The future wars will be greatly influenced by the rapid developments taking place in tactics, equipment and organization of the logistic systems. The integrated logistics means that the various subareas within logistics have important interactions with one another and should be treated as a unified discipline. The subareas that are generally considered key elements of integrated logistics support system are supply and inventory, transportation, maintenance, and electronics and communications. Logistics support to military forces is a prime factor in combat operations. Rapid deployment to regions of low, mid and high intensity conflicts will become a common scenario for future military forces. When deployments are constrained, an important problem is to find out the support requirements to be sent when war objectives cannot be compromised. To address this problem, one has to model the integrated logistics support system using sophisticated methodologies and then analyze the integration of logistics support and combat models.
Integrated Logistics Support System
Any organization that continues to operate with a logistics system designed for one environment, but operating in another, is bound to incur economic inefficiencies and operational ineffectiveness. Most of today’s military organizations face just such a situation. The Future warfare will have two fundamental impacts upon logistics system. Firstly, mobility of field forces has been a keystone. But mobility is greatly limited to the extent that the logistics system constrains it, particularly with the requirement of co-location. Mobile forces require flexible logistics systems. Secondly, the monetary value of field equipment, resulting from the introduction of electronics and advanced weaponry has risen rapidly. Overstocking rifles and ammunition may not have been relatively expensive, but overstocking electronic direction finding equipment is. Hence, two prime requisites of future logistics support are that it must enhance rather than detract from mobility and it must be accurate in its knowledge of what material is where.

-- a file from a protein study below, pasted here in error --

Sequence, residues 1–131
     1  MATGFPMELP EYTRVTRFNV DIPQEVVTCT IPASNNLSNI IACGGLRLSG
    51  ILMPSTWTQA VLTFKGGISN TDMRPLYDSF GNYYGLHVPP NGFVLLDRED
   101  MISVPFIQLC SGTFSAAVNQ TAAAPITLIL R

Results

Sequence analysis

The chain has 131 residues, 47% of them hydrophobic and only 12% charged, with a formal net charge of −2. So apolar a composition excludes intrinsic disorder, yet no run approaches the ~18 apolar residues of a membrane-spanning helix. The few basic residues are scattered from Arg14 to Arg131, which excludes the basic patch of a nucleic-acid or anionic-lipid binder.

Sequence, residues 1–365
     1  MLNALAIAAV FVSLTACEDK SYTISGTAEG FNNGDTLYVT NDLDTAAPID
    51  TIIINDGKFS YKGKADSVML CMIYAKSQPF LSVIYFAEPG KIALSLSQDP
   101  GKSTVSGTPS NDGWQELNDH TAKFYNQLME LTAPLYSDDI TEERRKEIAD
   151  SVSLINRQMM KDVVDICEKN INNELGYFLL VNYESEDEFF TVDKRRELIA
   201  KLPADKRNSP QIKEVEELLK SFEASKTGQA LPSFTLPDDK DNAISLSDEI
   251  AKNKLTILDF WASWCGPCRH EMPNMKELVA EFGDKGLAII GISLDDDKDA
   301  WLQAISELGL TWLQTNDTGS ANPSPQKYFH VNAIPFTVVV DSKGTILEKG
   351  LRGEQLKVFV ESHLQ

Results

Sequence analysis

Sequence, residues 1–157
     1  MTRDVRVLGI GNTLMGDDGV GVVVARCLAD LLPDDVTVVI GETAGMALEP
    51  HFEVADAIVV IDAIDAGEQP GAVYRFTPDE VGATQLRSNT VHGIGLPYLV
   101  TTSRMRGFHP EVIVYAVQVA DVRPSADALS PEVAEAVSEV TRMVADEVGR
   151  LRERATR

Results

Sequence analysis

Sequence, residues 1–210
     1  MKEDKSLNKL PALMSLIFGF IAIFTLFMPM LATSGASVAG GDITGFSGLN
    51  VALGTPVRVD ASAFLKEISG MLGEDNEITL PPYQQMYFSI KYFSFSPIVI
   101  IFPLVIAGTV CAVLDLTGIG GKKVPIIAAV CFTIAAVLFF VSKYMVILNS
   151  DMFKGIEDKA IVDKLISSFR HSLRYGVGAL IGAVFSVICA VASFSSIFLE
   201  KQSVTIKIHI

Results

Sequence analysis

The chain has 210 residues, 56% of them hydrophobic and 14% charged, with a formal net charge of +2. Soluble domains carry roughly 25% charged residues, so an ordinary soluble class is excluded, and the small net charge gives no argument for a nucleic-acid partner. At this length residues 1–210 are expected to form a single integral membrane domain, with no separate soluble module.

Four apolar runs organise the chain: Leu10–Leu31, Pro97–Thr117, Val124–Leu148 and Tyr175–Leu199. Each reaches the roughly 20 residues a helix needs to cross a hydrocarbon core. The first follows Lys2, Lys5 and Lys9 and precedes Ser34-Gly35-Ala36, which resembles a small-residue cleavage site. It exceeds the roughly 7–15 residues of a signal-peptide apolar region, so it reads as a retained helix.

The complexity of modern day support suggests that the needs of the user will be best served by an integration of the functional specialists within a single support organization that has direct access to the most vital logistic information. This indicated that the creation of an ILSS could provide visibility of assets including: quantity, condition, authorized stock levels, location and items in transit. An ILSS specialist, provided with a single command structure, should be able, upon direction, to redistribute assets anywhere within his command on a priority basis within a very short time frame.